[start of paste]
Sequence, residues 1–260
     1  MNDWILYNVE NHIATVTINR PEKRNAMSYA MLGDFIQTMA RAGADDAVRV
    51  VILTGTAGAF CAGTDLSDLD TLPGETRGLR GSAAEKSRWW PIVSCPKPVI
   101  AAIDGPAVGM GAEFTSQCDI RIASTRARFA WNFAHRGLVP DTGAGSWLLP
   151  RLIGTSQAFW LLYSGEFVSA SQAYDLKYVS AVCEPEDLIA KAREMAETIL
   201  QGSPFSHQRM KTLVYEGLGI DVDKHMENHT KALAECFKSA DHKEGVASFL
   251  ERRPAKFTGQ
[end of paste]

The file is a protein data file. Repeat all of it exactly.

Sequence, residues 1–260
     1  MNDWILYNVE NHIATVTINR PEKRNAMSYA MLGDFIQTMA RAGADDAVRV
    51  VILTGTAGAF CAGTDLSDLD TLPGETRGLR GSAAEKSRWW PIVSCPKPVI
   101  AAIDGPAVGM GAEFTSQCDI RIASTRARFA WNFAHRGLVP DTGAGSWLLP
   151  RLIGTSQAFW LLYSGEFVSA SQAYDLKYVS AVCEPEDLIA KAREMAETIL
   201  QGSPFSHQRM KTLVYEGLGI DVDKHMENHT KALAECFKSA DHKEGVASFL
   251  ERRPAKFTGQ